7. Advance against Retention Money

Banks advance retention money, which is due one year after shipping. The advances are for 90 days. Advances of more than one year are classified as deferred payment advances, eligible for lower interest rates.


8. Post-shipment Export Credit Guarantee and Export Finance Guarantee

This guarantee applies to past-shipment loans provided by banks to exporters through the purchase, negotiation, or discount of export bills. The Export Finance Guarantee covers post-shipment credits given by banks to exporters against export incentives receivable in the form of duty drawback, etc.


9. Post-shipment Credit in Foreign Currency

Exporters can obtain post-shipment export credit in rupees or foreign currencies. The credit is issued under the Export Bills Rediscounting Scheme (EBR) at LIBOR linked rates. The scheme covers export bills with a validity period of up to 180 days from the date of shipment. Exporters can get pre-shipment and post-shipment credit in rupees or in foreign currencies. If pre-shipment credit is in foreign currency, post-shipment credit must be in EBR. Because the pre-shipment credit must be liquidated in foreign currency.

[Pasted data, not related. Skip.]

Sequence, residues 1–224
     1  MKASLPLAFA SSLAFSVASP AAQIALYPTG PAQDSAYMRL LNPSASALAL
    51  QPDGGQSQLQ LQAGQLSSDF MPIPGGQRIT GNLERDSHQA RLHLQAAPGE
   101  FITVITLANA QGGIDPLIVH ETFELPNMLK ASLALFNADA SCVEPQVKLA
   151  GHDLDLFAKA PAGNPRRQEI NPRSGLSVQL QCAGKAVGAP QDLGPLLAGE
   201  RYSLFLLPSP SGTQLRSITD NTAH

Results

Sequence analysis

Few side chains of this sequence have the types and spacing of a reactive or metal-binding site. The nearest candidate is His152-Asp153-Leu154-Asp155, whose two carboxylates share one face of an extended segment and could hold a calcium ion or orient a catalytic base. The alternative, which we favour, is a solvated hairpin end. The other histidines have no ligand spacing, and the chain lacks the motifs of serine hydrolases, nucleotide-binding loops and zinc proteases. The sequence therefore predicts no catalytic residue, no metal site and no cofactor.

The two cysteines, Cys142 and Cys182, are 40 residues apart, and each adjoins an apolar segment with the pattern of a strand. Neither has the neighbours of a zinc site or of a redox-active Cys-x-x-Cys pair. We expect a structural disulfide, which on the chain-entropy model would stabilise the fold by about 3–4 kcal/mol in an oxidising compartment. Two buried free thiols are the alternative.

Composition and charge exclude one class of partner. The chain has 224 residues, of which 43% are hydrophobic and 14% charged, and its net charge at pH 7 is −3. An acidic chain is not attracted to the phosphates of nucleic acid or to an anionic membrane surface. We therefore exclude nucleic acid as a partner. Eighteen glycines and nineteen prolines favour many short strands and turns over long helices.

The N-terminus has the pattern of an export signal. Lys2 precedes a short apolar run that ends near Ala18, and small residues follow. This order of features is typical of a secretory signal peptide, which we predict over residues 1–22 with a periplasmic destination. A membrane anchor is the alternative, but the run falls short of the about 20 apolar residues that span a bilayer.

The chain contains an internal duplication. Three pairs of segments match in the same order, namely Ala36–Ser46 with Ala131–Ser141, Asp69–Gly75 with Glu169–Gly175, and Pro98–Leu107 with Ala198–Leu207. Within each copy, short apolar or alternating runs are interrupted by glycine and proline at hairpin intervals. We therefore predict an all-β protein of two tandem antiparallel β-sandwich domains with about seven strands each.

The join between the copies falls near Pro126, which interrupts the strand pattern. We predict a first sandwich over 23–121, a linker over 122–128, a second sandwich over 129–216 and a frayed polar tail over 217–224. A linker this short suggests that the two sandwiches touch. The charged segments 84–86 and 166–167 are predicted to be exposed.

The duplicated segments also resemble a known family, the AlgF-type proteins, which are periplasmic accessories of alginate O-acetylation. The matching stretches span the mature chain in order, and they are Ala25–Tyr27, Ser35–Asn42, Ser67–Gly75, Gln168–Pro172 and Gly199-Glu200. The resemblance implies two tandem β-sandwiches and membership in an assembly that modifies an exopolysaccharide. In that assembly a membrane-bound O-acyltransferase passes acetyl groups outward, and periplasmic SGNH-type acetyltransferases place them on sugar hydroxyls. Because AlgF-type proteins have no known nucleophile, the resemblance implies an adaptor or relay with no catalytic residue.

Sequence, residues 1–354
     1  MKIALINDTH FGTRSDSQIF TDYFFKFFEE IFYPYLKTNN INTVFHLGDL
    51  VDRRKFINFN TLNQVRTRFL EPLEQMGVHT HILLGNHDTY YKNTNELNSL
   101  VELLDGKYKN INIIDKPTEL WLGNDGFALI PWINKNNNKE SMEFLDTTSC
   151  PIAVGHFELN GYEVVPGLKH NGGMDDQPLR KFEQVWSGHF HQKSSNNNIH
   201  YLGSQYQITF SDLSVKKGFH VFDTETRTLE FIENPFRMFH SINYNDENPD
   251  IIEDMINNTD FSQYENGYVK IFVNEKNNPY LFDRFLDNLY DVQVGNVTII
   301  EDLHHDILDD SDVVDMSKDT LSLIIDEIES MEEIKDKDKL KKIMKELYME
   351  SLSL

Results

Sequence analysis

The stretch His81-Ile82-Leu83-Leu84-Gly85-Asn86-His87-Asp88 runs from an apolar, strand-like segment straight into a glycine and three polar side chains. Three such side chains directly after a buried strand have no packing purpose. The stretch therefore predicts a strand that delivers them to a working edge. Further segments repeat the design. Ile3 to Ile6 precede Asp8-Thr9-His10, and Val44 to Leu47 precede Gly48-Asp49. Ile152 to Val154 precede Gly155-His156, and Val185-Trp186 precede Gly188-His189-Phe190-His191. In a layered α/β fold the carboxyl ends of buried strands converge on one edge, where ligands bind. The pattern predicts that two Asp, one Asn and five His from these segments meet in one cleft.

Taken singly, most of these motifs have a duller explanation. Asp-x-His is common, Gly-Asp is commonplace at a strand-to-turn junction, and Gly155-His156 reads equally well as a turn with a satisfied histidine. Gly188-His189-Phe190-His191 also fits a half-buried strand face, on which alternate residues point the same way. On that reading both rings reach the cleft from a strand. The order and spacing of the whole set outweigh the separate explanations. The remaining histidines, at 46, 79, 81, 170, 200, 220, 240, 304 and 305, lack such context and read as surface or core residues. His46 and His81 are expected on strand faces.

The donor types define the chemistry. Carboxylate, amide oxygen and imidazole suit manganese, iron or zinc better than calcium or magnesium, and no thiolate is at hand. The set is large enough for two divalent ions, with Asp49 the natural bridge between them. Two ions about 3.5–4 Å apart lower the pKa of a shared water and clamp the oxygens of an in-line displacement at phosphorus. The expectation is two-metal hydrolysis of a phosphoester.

Q.2 Distinguish between: (10, 10)


Q2. (a) Telegraphic Transfer Rate and Bill Rate

Ans) Telegraphic Transfer rate may be either TT buying Rate or TT selling Rate. 


T.T. Buying Rate: This rate is applied for purchase of foreign currency by banks where cover is already obtained by banks in India. This rate is applied for all clean remittances outside India. All foreign inward remittances which are made payable in India are converted by applying this rate.


For example, suppose Nisha gets from Citi Bank in New York a demand draft for $10,000 drawn on Citi Bank, New Delhi. The New York bank will credit the New Delhi Citi Bank's account with itself immediately.